Matchmaker, matchmaker find me a Buddy

Be a mentor with the International Student Services' Buddy Program – now featuring the largest personalized matching program for new international students of any university in Canada
Recent participants in McGill’s Buddy Program.

Be a mentor with International Student Services’ Buddy Program – now featuring the largest personalized matching program for new international students of any university in Canada

By McGill Reporter Staff

Starting school in a new environment can be pretty tough. For students arriving on campus from another country it can be really stressful. A friendly face, a helping hand, and hopefully a first Montreal friendship, can make a world of difference for new arrivals.

Since its inception 28 years ago, McGill’s Buddy Program, which uses current students to mentor incoming international students, has helped thousands of people settle into McGill and Montreal – including more than 1,700 last year. When you’re new, having someone to show you around the campus or just to yak with, can really make a difference.

Buddy Volunteers pass on insider information – where to buy food and do your banking, etc. – language and cultural guidance, and the general scoop about life at McGill, to new students.

When it comes to other academic and non-academic issues, Buddy Volunteers are provided training to act as a point of referral. For example, if a new student has questions about their immigration documents, the Buddy volunteer puts them in touch with the International Student Services, so that a certified immigration consultant can assist them.  If they have questions about their course selection, the volunteer connects them with their Academic Advisor.  If they have questions about their tuition fees and fee payment, they are directed to the Student Accounts office.

Volunteers and new students are paired during the summer by International Students Services (ISS) during the year, allowing new fall students to be in touch with their buddies over the summer.

There is no hard deadline for signing up, but it really helps if Buddy Volunteers and new students sign up before the term begins so a smooth pairing can happen.

Caroline Guay, International Student Development & Communications Manager, with ISS at McGill says the International Buddy Program now features some great new tech.

“Last year we worked with a recent McGill graduate who developed a new web-based software platform to help us manage the registration, matching and volunteers’ progress towards the completion of program milestones,” says Guay. “The matching process is now mostly automated (although we confirm the match that is proposed), and we can better track how volunteers and new students advance through the program. Based on the research we conducted, we realized that we have the largest such personalized matching program for new international students of any university in Canada, and now we have customized, in-house software to manage it.  This software is already being considered for other matching programs that exist across the University.”

Guay is also proud that McGill’s International Student Buddy volunteer Program may be oldest peer support program in Canada. McGill is almost 200 years old and has had a strong international reputation for a long time. There were already a significant number of international students at McGill before the world-wide trend of international student mobility exploded and started impacting universities across Canada. As a result, this kind of peer support programming started a bit later in the rest of Canada.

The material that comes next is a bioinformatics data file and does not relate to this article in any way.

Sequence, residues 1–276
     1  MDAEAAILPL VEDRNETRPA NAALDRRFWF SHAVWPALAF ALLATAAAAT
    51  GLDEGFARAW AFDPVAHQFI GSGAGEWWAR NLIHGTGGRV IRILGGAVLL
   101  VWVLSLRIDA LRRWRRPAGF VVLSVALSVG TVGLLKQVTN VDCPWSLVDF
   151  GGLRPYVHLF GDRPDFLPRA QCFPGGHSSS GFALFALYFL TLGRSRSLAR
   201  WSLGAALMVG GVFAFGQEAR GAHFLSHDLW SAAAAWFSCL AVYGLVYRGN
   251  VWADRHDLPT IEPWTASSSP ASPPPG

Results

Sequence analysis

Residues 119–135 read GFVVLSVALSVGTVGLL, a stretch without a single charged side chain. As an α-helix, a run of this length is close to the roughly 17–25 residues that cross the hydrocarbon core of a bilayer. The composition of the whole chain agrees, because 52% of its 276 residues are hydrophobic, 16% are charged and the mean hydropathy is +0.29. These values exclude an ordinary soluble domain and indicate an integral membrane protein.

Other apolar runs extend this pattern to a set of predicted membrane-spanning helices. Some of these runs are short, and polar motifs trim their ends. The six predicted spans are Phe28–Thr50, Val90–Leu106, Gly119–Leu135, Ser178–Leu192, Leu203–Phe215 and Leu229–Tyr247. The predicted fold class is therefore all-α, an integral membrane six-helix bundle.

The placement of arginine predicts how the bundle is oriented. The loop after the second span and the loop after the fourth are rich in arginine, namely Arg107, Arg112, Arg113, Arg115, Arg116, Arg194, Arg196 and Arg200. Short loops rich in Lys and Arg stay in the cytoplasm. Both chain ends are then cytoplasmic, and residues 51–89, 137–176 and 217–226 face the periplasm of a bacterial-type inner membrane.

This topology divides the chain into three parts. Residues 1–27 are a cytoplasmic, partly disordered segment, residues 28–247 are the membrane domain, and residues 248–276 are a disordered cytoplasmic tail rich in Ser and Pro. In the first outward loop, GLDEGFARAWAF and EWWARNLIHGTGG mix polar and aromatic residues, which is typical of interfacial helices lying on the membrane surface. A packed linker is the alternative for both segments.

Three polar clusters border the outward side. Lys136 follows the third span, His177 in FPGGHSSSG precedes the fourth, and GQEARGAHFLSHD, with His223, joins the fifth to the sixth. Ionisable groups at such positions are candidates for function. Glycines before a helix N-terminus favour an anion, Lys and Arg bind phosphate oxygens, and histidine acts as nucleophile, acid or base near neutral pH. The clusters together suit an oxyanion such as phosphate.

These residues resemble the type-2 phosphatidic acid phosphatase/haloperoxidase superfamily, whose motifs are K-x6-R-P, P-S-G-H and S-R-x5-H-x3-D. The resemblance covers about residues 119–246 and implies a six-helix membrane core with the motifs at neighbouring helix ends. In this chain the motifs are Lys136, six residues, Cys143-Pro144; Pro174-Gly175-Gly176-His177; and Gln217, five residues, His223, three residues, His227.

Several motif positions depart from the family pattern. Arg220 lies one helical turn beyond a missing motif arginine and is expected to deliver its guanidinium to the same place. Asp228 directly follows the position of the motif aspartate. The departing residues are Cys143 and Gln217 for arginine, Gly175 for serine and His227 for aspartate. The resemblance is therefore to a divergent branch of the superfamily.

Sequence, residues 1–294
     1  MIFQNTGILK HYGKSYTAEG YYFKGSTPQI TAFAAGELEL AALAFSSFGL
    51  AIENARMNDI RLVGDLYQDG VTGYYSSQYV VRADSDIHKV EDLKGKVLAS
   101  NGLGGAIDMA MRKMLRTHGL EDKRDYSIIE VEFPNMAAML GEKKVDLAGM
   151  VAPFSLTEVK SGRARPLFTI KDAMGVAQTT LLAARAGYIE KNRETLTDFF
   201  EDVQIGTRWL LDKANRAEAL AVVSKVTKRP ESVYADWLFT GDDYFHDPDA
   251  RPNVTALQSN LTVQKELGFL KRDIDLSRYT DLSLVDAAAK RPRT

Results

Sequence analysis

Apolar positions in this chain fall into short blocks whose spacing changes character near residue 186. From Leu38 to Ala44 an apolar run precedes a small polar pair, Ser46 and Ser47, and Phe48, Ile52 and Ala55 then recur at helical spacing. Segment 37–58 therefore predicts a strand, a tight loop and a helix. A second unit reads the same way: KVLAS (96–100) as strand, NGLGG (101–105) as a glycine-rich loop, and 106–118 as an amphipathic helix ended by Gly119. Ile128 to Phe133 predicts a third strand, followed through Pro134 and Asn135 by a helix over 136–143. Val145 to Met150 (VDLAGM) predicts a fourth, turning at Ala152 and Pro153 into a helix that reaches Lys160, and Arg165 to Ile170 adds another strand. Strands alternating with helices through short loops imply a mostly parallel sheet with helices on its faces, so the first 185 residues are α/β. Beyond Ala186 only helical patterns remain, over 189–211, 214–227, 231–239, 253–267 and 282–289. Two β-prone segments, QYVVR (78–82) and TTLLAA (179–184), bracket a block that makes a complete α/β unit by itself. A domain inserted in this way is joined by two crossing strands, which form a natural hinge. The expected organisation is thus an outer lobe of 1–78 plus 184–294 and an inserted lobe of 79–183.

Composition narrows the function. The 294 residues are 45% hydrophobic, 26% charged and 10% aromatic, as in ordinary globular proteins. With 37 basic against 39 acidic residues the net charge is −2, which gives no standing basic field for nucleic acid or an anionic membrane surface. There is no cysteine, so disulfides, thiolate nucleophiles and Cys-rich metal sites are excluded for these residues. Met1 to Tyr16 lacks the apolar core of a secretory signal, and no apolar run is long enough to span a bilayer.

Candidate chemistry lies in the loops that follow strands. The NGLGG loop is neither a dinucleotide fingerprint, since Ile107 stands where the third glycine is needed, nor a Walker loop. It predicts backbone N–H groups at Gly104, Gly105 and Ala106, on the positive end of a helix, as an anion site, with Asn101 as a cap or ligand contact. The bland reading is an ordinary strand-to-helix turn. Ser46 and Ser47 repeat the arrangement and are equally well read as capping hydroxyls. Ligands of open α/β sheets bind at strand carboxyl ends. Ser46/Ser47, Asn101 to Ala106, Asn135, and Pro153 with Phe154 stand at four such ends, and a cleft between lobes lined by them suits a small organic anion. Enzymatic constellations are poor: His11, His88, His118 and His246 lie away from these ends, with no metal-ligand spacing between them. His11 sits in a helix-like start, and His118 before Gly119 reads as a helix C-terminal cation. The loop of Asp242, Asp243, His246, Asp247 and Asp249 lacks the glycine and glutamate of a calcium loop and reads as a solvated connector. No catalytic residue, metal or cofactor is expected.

And it can have a big impact. “Two years ago I participated in a few alumni ‘send-off’ events (for newly-admitted international students) in Boston, New York, and Connecticut. I actually met a few alumni at these events who graduated anywhere from 10 to 25 years ago and are still close friends with their Buddies! They say it was one of the highlights of their McGill experience,” says Guay.

There is room for a lot of people in the program, according to Guay. “In an ideal world, there would be one volunteer for each new student. In reality, volunteers often take two or three students, as it is sometimes a challenge to find enough volunteers.  My objective this year is to recruit (and train) at least 1,000 new volunteers. We had 1,775 new students requesting volunteers last year, so we anticipate getting at least as many requests this year (if not more).”

Buddies – domestic (from Quebec and Canada) and international – are needed at all levels: undergraduate; Master’s; and PhD; across all faculties, and on both campuses. There is some “paying it forward,” in the sense that many international students who benefitted from the program when they first arrived want to give back to the McGill community and become buddies themselves.

Conversely, a number of domestic students who participated as volunteers have traveled (or lived) abroad and have had positive contact with international students in their classes or residences. The Buddy program provides them with another way to build on those experiences.

All Buddy Volunteers get a training webinar (one hour) on topics that include culture shock, intercultural communication, making referrals (to campus resources), student privacy and confidentiality, and tips for introducing their charges to McGill and Montreal.

The program also provides other benefits, including:

  • acquiring mentorship experience
  • obtaining recognition on their McGill Co-Curricular record
  • making new social connections
  • learning about another culture (or connecting with someone from their own culture)
  • developing intercultural communication skills

Learn more about McGill’s Buddy Program